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“Further dialogue.”

You know that when politicians or other bureaucrats say something like that at the end of a meeting, it generally means, “Nothing got done, nothing will get done, but we’ll keep yammering anyway.”

That was the case in March when G20 finance ministers met in Buenos Aires to discuss global trade policy – a meeting that produced no concrete agreement.

Last weekend, they reconvened in Argentina’s capital, with the International Monetary Fund and central bank governors.

The result? Not so much “further dialogue,” but a stark warning…

Warning Shots Fired in Buenos Aires

It came amid the latest trade jousting, with the United States threatening tariffs on all $500 billion of Chinese exports.

Not only would this significantly escalate the trade war, it would affect U.S. consumers and businesses – and, in turn, the economy, given the amount of goods that China sends to the United States.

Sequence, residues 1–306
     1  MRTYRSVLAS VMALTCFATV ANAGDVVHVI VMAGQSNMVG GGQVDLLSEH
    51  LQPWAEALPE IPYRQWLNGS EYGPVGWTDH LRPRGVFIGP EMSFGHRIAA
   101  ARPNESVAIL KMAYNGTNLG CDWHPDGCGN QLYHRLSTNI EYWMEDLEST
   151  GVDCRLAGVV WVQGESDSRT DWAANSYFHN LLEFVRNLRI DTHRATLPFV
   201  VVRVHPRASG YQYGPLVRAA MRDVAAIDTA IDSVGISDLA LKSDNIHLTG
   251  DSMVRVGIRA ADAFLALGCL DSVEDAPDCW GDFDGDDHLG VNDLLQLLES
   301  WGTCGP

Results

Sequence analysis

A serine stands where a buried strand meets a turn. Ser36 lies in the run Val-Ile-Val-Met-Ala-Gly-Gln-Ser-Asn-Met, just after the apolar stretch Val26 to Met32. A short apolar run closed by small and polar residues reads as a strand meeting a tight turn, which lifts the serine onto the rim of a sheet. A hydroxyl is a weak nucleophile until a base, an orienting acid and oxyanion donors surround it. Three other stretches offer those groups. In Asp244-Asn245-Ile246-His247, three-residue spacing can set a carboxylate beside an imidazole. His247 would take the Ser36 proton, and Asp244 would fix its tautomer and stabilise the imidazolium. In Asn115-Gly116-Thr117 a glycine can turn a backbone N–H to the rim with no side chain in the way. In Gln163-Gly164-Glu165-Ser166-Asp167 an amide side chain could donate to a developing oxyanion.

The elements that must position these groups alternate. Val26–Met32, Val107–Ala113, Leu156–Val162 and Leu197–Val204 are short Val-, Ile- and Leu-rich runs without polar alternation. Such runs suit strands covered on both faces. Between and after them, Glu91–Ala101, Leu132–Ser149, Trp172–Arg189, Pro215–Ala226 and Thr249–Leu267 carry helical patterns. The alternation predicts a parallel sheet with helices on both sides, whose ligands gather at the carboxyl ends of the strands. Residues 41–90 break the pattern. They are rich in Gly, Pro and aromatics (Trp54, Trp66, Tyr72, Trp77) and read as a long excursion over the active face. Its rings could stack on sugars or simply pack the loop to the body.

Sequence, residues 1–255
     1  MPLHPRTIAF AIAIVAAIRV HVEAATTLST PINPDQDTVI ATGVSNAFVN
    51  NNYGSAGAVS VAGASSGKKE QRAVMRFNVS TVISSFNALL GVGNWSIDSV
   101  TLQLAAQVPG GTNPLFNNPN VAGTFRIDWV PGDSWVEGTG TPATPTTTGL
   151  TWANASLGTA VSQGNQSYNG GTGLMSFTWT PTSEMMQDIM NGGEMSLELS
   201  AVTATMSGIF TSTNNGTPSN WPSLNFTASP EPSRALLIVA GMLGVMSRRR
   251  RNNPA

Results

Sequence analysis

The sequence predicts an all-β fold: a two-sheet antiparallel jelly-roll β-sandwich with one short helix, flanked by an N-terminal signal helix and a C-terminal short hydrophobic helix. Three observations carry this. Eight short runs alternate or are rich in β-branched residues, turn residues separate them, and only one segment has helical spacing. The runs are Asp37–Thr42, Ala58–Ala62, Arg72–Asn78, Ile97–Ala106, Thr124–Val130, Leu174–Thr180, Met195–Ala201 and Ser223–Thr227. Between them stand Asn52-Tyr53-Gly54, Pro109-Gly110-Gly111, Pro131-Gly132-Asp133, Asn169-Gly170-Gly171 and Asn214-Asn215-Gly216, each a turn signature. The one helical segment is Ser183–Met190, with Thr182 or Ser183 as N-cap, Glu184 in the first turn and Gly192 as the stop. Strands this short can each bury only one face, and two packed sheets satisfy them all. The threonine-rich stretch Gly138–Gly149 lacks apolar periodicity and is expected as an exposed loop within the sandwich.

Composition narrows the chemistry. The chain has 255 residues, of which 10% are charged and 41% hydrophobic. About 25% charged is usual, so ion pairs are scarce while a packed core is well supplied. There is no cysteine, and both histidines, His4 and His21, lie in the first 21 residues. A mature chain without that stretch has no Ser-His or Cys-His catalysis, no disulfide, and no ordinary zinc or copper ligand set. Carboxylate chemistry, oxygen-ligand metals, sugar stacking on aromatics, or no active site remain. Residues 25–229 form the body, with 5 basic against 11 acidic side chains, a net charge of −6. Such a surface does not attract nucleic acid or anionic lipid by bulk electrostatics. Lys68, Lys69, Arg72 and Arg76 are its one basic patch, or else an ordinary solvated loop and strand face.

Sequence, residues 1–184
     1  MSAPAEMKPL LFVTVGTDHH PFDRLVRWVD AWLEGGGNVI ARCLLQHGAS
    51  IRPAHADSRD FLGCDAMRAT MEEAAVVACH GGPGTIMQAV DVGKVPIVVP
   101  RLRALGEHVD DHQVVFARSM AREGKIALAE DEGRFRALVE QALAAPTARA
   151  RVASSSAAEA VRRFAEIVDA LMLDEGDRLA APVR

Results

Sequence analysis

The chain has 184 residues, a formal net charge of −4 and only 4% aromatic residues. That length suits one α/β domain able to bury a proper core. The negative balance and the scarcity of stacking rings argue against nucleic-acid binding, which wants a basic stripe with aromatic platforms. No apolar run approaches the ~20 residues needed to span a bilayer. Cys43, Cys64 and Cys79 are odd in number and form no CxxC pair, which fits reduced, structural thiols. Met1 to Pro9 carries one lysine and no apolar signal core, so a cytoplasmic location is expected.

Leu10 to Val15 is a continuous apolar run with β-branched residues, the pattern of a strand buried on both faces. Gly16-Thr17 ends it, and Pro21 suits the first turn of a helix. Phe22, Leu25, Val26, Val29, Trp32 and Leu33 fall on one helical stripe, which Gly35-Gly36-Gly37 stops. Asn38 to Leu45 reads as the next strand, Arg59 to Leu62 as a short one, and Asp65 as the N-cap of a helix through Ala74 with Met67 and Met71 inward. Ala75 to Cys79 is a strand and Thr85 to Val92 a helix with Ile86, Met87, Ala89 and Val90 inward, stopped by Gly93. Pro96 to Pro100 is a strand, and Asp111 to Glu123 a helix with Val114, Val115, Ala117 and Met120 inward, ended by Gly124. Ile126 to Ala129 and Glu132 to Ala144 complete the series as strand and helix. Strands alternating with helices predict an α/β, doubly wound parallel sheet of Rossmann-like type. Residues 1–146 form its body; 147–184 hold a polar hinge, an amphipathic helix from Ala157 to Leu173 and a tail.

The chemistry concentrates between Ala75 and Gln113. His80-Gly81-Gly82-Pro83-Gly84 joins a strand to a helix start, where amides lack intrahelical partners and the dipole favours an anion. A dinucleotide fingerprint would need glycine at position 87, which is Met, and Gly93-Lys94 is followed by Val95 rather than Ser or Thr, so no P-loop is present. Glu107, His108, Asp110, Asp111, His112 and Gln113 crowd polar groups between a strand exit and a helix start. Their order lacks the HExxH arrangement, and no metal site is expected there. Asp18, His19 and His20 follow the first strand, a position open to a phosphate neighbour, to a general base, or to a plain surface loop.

In 2017, China shipped almost one-fifth of its exports to America – a total of $505.6 billion. And $207.9 billion of that was subject to tariffs. But due to trade imbalances, America’s deficit with China is $375.5 billion.

The recent tensions led the IMF to caution last month that ongoing action – and escalation – would hit the U.S. economy and global GDP. Last weekend, it warned that “in the worst-case scenario… [a decline] in the range of 0.5% of GDP on a global basis,” according to Managing Director Christine Lagarde.

It means global GDP will peak at 3.9% this year and in 2019.